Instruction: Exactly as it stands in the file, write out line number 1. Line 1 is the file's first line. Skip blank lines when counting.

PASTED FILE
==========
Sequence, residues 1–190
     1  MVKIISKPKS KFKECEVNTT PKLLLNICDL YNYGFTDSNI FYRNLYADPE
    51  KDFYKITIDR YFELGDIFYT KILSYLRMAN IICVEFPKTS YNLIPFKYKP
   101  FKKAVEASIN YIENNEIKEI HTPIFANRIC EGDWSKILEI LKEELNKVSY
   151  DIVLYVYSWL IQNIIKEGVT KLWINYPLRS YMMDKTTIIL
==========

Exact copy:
Sequence, residues 1–190